Khadija is Iraqi. She wears the smile of her suffering. She is in her forties and married since 1986 to a Moroccan living in Baghdad. Through their union, two sons have been born. In Iraq, Moroccans are praised for their seriousness, their friendliness, and their attention to work. Khadija has worked in an association for the deaf-mute for 5 years. When her two boys were born, she stopped working to take care of their education. Her husband, associated with an Iraqi in a poultry and cattle ranching business, earned a good living.
After the Iraq war, things have changed. Islamists controlled everything, especially everyday life, and people’s lives. The couple received threats. Either you divorce or we kill you! Her three cousins, M’hamed, Adil, and Karim were arrested by the militia, tortured, and executed. On the corpses dumped in a landfill, a videotape was left showing the torture they suffered before they died. Their crime? One of the cousins went to ask the imam of the mosque next to his house to turn down the sound of the speakers of the minaret a little. What do you have against the word of God? That was enough to murder three innocent people. In 2006, her two children and their classmates were killed at school in an explosion. After this tragedy, the couple moved in with a relative. Their house exploded a week later. Not wanting to leave her husband, they decide to leave the country.
At the Jordanian border, she was stripped off of her jewelry and the money the couple managed to save by mercenary soldiers. They entered Jordan with nothing. The Moroccan Consul in Amman issued them passes and gave them some money. Khadija still remembers with gratitude this man who did everything he could so that the couple could return to Morocco. The welcoming of the Moroccan family was, for the two survivors, the worst thing that happened to them. Penniless, they were left in the terrace-like useless objects, says Khadija. Horrified by this behavior, a neighbor offered to house them. Finally, the mother gave the couple a room. Khadija fell into depression, delirium and no longer wishes to live.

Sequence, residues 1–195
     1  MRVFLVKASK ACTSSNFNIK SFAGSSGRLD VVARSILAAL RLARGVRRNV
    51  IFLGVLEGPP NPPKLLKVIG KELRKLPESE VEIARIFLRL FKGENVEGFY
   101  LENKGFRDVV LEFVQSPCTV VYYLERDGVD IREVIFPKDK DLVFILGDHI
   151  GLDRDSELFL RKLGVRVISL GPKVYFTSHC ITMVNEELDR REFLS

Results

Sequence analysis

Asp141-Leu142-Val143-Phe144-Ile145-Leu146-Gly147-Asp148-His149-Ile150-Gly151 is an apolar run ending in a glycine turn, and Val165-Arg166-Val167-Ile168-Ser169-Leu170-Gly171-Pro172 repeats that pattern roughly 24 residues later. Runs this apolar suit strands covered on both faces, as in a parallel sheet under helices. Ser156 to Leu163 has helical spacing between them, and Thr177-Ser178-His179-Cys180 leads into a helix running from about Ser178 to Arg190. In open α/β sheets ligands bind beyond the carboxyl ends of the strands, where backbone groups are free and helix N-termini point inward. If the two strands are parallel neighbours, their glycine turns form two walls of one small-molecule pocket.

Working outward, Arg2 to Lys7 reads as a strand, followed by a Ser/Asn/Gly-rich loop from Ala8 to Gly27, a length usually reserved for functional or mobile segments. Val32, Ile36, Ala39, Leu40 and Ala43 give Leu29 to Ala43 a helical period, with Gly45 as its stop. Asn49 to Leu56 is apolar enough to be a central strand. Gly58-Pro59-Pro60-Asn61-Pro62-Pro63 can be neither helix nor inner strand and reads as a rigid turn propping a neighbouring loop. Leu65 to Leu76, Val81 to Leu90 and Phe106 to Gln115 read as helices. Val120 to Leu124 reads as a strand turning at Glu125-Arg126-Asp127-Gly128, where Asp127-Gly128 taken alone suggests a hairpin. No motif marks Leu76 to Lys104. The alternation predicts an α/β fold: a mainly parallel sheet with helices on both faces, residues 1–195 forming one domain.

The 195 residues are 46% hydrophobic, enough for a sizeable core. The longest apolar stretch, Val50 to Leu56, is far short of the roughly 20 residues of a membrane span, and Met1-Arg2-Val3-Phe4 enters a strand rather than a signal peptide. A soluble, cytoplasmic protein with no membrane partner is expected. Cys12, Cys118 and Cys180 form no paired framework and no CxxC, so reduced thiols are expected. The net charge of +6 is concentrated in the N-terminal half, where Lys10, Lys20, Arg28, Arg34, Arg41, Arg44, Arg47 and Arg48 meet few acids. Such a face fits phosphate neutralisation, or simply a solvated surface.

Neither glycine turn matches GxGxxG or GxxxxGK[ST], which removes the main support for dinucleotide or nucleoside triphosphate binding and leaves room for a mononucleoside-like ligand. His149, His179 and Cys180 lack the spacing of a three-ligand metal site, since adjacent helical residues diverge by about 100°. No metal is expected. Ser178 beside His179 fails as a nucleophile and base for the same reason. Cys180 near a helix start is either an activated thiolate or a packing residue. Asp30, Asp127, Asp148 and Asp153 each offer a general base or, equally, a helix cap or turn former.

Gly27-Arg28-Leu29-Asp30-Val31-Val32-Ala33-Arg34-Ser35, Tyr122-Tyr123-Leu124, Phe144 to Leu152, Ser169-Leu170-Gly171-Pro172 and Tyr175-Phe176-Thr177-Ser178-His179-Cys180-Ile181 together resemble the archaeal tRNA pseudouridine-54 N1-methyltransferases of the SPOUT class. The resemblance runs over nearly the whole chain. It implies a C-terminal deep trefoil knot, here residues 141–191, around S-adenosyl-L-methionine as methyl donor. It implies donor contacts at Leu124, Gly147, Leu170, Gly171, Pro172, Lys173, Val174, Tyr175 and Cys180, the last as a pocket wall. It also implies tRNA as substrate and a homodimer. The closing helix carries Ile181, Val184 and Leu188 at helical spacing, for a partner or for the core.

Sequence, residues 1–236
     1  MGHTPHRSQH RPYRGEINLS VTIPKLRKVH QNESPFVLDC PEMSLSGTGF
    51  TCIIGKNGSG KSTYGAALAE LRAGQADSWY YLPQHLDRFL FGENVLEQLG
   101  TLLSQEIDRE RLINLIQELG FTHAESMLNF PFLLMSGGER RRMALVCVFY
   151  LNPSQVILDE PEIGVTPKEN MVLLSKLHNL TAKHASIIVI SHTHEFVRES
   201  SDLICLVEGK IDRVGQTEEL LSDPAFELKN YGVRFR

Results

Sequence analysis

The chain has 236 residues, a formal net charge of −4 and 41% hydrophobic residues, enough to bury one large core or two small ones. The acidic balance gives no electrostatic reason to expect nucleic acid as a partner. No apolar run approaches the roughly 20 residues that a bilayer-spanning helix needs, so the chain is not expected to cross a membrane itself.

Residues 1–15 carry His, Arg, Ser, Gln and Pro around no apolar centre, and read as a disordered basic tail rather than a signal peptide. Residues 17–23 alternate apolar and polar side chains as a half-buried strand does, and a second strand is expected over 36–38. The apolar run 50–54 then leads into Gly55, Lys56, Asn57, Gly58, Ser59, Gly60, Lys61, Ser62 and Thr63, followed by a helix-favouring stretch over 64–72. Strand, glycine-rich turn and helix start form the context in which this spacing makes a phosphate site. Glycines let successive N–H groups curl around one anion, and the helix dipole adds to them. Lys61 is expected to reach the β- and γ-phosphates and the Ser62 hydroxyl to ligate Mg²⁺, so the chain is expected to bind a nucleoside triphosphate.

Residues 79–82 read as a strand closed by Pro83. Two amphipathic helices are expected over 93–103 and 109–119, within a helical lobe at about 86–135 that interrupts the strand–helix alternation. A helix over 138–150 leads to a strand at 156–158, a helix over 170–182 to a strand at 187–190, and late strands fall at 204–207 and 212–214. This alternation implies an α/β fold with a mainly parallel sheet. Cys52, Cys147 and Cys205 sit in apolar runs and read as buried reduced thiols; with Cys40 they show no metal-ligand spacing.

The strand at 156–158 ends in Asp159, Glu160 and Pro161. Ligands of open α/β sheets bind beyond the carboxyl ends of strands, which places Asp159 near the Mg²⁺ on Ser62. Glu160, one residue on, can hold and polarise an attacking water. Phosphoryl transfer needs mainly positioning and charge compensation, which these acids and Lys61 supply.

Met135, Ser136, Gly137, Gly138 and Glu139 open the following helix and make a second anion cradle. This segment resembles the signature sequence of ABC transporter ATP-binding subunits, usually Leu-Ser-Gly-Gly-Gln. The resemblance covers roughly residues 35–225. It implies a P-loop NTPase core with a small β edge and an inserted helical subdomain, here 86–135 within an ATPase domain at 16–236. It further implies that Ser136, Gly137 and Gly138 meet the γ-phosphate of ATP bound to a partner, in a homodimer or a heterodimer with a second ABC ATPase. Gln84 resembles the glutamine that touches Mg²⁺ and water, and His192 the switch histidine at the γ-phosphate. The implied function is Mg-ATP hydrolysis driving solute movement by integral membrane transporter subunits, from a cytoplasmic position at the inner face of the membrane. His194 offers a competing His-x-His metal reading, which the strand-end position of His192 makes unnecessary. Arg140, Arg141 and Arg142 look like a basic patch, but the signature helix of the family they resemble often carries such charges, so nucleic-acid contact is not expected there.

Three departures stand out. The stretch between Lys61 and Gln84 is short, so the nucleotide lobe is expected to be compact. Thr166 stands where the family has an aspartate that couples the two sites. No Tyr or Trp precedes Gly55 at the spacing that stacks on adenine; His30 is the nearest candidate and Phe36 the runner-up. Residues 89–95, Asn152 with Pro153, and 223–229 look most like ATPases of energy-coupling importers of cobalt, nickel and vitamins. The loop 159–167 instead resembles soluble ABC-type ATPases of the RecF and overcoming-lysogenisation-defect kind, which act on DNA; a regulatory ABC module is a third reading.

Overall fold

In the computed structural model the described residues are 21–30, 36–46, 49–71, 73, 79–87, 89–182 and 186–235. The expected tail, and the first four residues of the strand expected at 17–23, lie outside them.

Whenever she happens to pass by the Fondation Orient-Occident, she sees crowds of sub-Saharans, women, children, and young people all the time. She hears music and the rolling of the drums. She then gets informed that it is a foundation that doesn’t only help migrants and refugees, but also Moroccans in vulnerable situations. Khadija has knowledge of embroidery and sewing. With that, in September 2012, she joined the “Migrants du Monde” workshop. She wipes away her tears and says, “A large door has been opened for me. Right away, the Foundation gave me money. But other than money, it gave me hope, got me out of my depression, made me want to fight and live. Everyone respects me here and I found a family in this workshop. Every woman has become a relative for me, a sister, each one with her own culture, her identity, her history … and, in the face of the tragedy of some, mine seems negligible to me. Thanks to the work I do in the workshop and the salary I earn, the way my in-laws look at me has changed ever since. I help with the household expenses, give allowance to my husband, and from time to time I give gifts to my mother-in-law. My people threatened me, chased me out of my home, killed my children, my cousins, blown up our homes. The Foundation, if it cannot replace all that I have lost, offered me a certain sense of security, surrounded me with affection, taught me and freed me from my dependence on my in-laws…”
As for the possibility of returning to Iraq, Khadija choked with emotions. She eventually calms down, dries up her tears, and adds, “Iraq is my country… It’s a very beautiful country… Go back? Of course… I dream of this all the time… but…” She does not finish her sentence as she couldn’t resist her tears thinking about her dream. Khadija bursts into tears.
*Since a few years, Khadija left the Workshop and found a new job opportunity. This story was collected while she was still working at the Foundation.